From the back cover:
When Miranda first hears the warnings that a meteor is headed on a collision path with the moon, they just sound like an excuse for extra homework assignments. But her disbelief turns to fear in a split second as the entire world witnesses a lunar impact that knocks the moon closer in orbit, catastrophically altering the earth’s climate.
Everything else in Miranda’s life fades away as supermarkets run out of food, gas goes up to more than ten dollars a gallon, and school is closed indefinitely. But what Miranda and her family don’t realize is that the worst is yet to come.
Told in Miranda’s diary entries, this is a heart-pounding account of her struggle to hold on to the most important resource of all—hope—in an increasingly desperate and unfamiliar time.
This book is like a cross between The Princess Diaries and Parable of the Sower, only the average likability factor of Mia and Lauren (the protagonists of those books) far exceeds that of Life As We Knew It‘s Miranda. Mix in a generous dollop of a whiny and grating teen (I must admit that Dawn from Buffy the Vampire Slayer would fit the bill) and it’ll be about right.
The plot involves an asteroid that is due to impact the moon. Astronomers encourage folks to go outside and watch this rare phenomenon, but nobody realizes there was an error in the calculations. The moon ends up knocked scarily close to earth, and causes all kinds of environmental repercussions, like tsunamis and volcanic explosions. Millions die. Conditions for the survivors worsen and, like Parable of the Sower, folks figure off “anywhere is better than here,” and so head off to supposedly better places, never to be heard from again.
Miranda’s world gradually shrinks throughout this ordeal until she and her family are living huddled up in the one room of their house with a wood stove. She begins the book (told in a series of journal entries) by complaining about tests and drama with her friends, passes through a period where she inanely prattles on about kissing, and finally, with agonizing slowness, (mostly) stops being so self-pitying and resolves to be more appreciative of what she has, since her family is better off than most. I figured such character growth would be occurring, but was annoyed that at several points she appeared to be on the verge of improvement, only to lapse and instigate petty and annoying arguments with her mother. I suppose this cycle of progress and regression is normal, but that doesn’t make it fun to read about.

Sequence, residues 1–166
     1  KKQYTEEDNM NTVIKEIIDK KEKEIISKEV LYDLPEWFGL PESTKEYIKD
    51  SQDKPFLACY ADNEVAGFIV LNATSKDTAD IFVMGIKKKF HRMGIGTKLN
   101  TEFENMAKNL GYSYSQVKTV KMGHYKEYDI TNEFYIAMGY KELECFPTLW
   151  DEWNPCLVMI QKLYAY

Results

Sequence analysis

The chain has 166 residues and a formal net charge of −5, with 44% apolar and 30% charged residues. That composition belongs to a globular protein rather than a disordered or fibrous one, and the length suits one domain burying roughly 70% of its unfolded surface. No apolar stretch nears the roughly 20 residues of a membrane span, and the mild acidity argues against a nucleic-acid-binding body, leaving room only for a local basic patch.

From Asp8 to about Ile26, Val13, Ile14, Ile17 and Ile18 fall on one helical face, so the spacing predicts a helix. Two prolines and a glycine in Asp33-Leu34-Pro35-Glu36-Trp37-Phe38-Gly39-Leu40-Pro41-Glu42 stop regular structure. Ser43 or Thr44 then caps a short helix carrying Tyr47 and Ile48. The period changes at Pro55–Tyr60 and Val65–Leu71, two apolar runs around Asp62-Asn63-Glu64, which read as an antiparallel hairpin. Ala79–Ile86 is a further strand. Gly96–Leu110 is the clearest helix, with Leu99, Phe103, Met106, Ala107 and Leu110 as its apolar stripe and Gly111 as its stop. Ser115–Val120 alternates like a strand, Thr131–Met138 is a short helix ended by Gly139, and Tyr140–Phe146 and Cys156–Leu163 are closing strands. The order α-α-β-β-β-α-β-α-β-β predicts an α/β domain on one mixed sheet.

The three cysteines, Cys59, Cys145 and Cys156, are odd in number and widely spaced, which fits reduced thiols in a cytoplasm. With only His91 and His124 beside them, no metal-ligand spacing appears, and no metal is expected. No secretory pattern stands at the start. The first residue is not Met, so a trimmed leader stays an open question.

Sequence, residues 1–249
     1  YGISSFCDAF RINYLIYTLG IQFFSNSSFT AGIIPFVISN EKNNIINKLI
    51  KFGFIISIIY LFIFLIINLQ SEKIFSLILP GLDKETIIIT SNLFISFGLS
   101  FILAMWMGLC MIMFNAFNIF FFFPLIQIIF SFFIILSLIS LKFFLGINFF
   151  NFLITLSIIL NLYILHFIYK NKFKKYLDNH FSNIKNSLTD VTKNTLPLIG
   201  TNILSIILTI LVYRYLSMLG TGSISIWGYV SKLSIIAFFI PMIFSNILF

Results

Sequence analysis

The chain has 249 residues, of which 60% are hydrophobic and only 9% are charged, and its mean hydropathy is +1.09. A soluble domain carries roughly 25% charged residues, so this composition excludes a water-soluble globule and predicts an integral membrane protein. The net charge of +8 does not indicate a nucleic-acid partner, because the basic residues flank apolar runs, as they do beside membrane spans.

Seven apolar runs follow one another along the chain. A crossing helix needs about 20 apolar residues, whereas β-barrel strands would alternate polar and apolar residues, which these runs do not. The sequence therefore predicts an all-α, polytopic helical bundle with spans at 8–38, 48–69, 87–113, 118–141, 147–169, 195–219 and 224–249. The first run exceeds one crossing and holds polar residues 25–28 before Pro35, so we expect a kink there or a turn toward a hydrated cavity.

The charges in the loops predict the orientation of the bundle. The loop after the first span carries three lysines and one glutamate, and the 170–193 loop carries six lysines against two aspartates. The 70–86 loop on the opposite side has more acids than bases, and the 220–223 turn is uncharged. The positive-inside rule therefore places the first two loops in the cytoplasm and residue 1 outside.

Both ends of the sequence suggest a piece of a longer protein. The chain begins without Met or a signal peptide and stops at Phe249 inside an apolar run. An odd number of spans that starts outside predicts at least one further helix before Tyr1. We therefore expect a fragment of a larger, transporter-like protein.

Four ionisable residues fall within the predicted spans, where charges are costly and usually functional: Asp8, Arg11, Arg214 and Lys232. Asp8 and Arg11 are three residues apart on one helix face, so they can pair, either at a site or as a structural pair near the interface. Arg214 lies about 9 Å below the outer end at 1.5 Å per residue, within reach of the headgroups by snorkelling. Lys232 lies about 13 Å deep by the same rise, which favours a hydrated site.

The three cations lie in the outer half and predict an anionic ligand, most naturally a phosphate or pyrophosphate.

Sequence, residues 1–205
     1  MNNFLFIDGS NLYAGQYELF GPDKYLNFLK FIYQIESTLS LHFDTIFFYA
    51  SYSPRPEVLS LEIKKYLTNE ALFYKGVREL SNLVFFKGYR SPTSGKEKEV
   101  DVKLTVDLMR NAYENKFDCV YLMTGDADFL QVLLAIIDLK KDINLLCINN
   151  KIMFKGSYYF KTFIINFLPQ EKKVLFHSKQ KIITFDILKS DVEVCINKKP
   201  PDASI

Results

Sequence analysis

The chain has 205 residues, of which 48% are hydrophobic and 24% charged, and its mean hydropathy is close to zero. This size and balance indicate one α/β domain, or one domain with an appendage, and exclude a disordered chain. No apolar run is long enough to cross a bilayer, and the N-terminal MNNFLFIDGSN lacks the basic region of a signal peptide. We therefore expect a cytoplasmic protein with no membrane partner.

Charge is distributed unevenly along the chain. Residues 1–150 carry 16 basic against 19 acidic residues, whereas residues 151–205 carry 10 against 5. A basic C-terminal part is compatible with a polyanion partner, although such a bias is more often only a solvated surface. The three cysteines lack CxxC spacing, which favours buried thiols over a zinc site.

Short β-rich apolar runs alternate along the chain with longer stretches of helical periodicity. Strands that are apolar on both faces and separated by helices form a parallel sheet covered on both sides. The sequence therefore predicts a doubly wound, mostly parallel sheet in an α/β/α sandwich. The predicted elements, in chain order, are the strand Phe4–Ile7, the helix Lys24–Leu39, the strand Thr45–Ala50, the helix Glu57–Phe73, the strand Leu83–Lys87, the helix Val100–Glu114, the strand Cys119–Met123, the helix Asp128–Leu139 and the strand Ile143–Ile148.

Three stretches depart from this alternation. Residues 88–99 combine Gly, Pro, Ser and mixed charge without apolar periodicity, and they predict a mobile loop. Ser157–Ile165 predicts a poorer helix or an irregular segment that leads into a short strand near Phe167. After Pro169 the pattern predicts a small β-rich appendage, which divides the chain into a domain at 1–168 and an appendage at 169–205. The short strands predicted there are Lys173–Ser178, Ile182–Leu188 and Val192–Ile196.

While I might not have liked Miranda for the majority of the book, I still really liked hearing about the creepy and disturbing deterioration of civilization that the lunar disaster caused. Part of me is a little unnerved that I seem to enjoy details like that, but when I hear a newscaster announce that the Statue of Liberty has been washed out to sea, I think, “Cool!” Pfeffer also does a good job at conveying the family’s sense of isolation as well as the monotony of having canned tuna and string beans day after day. I like the ending, too.
There’s a not-quite sequel to this book, The Dead and the Gone, which recounts the same events from a different character’s perspective. I plan to check it out.